[German version] (Δεῖμος; Deîmos). Personification of fear; usually associated with  Phobos. Together with  Eris the pair urge warriors into battle (Hom. Il. 4,440), and harness the horses to  Ares's chariot (Il. 15,119f.).  Antimachus [3] misinterpreted them as the horses of Ares, descended from Thyella (‘storm’) [1]; similarly, in Val. Fl. 3,89 Terror and Pavor are the horses of Mars. According to Hes. Theog. 934, D. and Phobos are the sons of Ares and Cythereia (Aphrodite). In Semus, FGrH 396 F …

Concordia

(391 words)

Author(s): Bloch, René (Berne)
[German version] The personification and deification of harmony analogous to the Greek  Homonoia (Cic. Nat. D. 2,61; ThlL, Onom. 2, 555-558 s.v. C.). C. is attested on one of the pocula deorum ( Cucordia. pocolo) [1]. Worship of c. is attested in Rome from the 4th cent. BC. The decisive phases in her history are associated with the search for internal unity (cf. the concordia ordinum). A first temple was allegedly dedicated to her in the northwest corner of the Forum in 367 BC by  Camillus to celebrate the end of the ‘struggle of the orders’ (Plut. Camillus 4…

Candaules

(156 words)

Author(s): Bloch, René (Berne)
[German version] (Κανδαύλης; Kandaúlēs). According to Hdt. 1.7-12, the last ruler of the Heraclid dynasty in Lydian Sardis. The Greeks also called him Myrsilus after his father Myrsus. C. allowed his faithful retainer  Gyges [1] to see his wife naked so that he would be convinced of her beauty. He was then murdered by Gyges after C.'s wife confronted him with the choice of suicide as an alternative. A dramatic version of this material can be glimpsed from the remnants of the text (TrGF II Adespota …

Botres

(76 words)

Author(s): Bloch, René (Berne)
[German version] (Βότρης; Bótrēs). Son of the Theban Eumelus. When the latter, in B.'s presence, is about to sacrifice a sheep to Apollo, B. eats the animal's brains before it is placed on the altar. Thereupon his father strikes him with a firebrand. Apollo, however, takes pity on him and turns him into the bird, Aeropus (Bee-eater), which broods in an underground nest and continually seeks to fly (Ant. Lib. 18). Bloch, René (Berne)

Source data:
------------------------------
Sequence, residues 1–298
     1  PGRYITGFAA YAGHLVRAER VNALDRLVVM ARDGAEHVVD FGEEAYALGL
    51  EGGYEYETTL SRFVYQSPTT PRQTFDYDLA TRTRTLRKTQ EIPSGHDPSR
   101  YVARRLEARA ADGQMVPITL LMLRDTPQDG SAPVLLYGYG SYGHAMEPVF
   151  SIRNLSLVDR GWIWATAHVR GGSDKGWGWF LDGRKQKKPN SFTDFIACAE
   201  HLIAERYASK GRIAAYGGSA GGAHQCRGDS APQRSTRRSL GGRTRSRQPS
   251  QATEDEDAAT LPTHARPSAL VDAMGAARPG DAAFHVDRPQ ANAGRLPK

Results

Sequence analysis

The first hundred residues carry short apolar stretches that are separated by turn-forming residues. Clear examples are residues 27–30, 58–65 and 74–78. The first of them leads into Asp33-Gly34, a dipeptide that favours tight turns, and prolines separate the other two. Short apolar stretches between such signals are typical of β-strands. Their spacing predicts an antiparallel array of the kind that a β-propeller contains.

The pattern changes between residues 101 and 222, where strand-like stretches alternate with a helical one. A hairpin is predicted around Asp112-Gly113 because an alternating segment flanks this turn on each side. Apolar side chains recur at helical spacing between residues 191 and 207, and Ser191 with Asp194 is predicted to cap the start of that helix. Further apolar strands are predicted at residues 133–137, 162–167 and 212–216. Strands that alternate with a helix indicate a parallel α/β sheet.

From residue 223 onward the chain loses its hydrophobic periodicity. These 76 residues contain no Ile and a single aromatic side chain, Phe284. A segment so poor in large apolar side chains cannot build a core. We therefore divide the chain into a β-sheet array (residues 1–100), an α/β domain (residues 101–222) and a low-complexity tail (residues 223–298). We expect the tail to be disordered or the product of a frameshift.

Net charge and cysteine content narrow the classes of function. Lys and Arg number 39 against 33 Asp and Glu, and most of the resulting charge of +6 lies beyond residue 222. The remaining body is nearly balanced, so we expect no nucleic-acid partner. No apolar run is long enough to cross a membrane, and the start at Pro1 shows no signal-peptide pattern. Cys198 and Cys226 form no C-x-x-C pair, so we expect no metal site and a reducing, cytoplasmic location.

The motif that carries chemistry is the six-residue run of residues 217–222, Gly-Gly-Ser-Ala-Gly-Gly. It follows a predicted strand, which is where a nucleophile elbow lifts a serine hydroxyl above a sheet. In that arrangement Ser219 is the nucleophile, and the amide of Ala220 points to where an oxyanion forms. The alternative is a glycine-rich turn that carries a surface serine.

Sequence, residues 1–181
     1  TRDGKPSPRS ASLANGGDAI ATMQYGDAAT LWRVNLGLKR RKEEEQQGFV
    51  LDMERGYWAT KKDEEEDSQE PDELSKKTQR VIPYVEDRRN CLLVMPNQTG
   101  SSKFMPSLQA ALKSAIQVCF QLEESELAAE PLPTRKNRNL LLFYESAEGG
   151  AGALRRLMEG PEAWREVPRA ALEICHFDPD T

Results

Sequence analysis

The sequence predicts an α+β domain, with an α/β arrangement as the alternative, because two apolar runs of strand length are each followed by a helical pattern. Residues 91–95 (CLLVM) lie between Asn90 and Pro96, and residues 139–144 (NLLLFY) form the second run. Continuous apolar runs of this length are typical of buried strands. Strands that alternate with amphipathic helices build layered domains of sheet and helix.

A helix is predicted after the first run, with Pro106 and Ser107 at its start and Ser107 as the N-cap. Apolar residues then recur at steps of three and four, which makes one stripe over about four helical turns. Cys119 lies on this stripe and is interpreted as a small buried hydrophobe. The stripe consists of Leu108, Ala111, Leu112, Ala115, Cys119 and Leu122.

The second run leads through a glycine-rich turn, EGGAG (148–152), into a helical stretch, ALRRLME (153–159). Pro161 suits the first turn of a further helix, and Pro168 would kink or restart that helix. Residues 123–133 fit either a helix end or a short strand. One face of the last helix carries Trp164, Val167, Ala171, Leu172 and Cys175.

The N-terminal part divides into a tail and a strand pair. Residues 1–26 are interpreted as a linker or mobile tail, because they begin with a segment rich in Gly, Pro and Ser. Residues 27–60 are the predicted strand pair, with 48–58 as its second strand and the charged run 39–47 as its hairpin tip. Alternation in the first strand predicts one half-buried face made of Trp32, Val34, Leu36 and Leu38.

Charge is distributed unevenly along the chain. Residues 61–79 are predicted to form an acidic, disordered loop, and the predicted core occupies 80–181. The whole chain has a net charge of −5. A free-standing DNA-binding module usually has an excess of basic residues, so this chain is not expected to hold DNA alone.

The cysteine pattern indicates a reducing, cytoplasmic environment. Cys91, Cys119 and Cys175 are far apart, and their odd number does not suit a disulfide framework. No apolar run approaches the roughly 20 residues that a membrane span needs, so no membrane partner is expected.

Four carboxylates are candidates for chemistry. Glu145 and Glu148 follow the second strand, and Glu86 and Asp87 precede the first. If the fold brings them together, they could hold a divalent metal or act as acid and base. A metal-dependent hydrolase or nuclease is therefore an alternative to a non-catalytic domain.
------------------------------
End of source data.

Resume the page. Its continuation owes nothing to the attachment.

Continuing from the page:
Diores

(130 words)

Author(s): Bloch, René (Berne)
(Διώρης; Diṓrēs). [German version] [1] Son of Amarynceus Son of  Amarynceus [1]. One of the four leaders of the Epeians from Elis who went to Troy. He was killed by the Thracian Peirous (Hom. Il. 2,622; 4,517; Paus. 5,3,4). Bloch, René (Berne) Bibliography W. Kullmann, Die Quellen der Ilias…

Demodice

(111 words)

Author(s): Bloch, René (Berne)
[German version] (Δημοδίκη; Dēmodíkē). Second wife of the Boeotian king  Athamas and stepmother of Phrixus whom she pursues in unrequited love. Phrixus takes flight for this reason (Pind. fr. 49, Damodika; Schol. Pind. Pyth. 4,288a). Usually she is called  Ino (Apollod. 1,80-84). In another version she is the wife of Cretheus, brother of Athamas. She slanders Phrixus, who will not return her love, before Cretheus, whereupon he demands Phrixus' death from Athamas. However, Phrixus is removed by his mother  Nephele (Hyg. Poet. Astr. 2,20).…

Euphrosyne

(61 words)

Author(s): Bloch, René (Berne)
[German version] (Εὐφροσύνη; Euphrosýne, ‘cheerfulness’). One of the  Charites (Hes. Theog. 909; Pind. Ol. 14,14; Apollod. 1,13). In Hyg. Poet. Fab. praef. E. is a daughter of Erebos and  Nyx (cf. Gratia in Cic. Nat. D. 3,44). In Orph. H. 3,5 E. is an epithet of Nyx. Bloch, René (Berne) Bibliography K.-H. Tomberg, E. B. Harrison, s.v. Charis, Charites, LIMC 3.1, 191-203.

Iapetus

(185 words)

Author(s): Bloch, René (Berne)
[German version] (Ἰαπετός; Iapetós). The etymology is uncertain, perhaps ‘the one hurled down’ (on ἰάπτειν; iáptein, ‘to hurl’ [1]). The often postulated connection to OT Japheth, the third son of Noah (Gen. 5,32 et passim), cannot be proven [2; 3]. I. is the titan who was hurled by Zeus into Tartarus along with  Kronos (Hom. Il. 8,479). Son of  Gaia and  Uranus (Hes. Theog. 134). He fathered the sons  Atlas [2],  Menoetius,  Prometheus and Epimetheus with the Oceanid Clymene (Hes. Theog. 507-511). Among others, Asia (Apollod. 1…

Deiopea

(54 words)

Author(s): Bloch, René (Berne)
[German version] (Δηιόπεια; Dēiópeia). A nymph in the vicinity of Cyrene, distinguished by her extraordinary beauty; she lives in the depths of the Peneius (Verg. G. 4,343). Juno promises her to Aeolus in marriage (Verg. Aen. 1,71-73). Bloch, René (Berne) Bibliography R. A. B. Mynors, Virgil. Georgics (comm.), 1990, 303 M. Scarsi, s.v. D., EV 2,17.

Brontes

(70 words)

Author(s): Bloch, René (Berne)
[German version] (Βρόντης; Bróntēs), cf. ἡ βροντή (hē brontḗ) ‘thunder’. One of the three  Cyclopes born of Uranus and Gaia, who gave Zeus thunder and lightning (Hes. Theog. 140; Apollod. 1,1; Serv. Aen. 8,425; Pherecydes in schol. Eur. Alc. 1). B. made  Metis pregnant, who was devoured by Zeus, whereupon Pallas  Athene sprang from Zeus' head (schol. Il. 8,39). Bloch, René (Berne) Bibliography O. Touchefeu-Meynier, s.v. Kyklops, LIMC 6.1, 154-159.

Dictys

(316 words)

Author(s): Bloch, René (Berne)
(Δίκτυς; Díktys). [German version] [1] Son of Magnes and a Naiad Son of Magnes and a Naiad, brother or half-brother to  Polydectes (Apollod. 1,88), the king of the island of Seriphos. Other sources stress his descent from Poseidon direct or in the fourth degree (Tzetz. Lycoph. 838; Pherecydes FGrH 3 F 10f.). As a fisherman (D. = ‘netsman’) he lodges  Danae and her infant son  Perseus, who are swept onto the shore at Seriphos in a box. The story has been frequently staged [1]. In Aeschylus' satyr-play Diktyulkoi (TrGF 3 F 46-47) satyrs help D. and another fisherman to land the heav…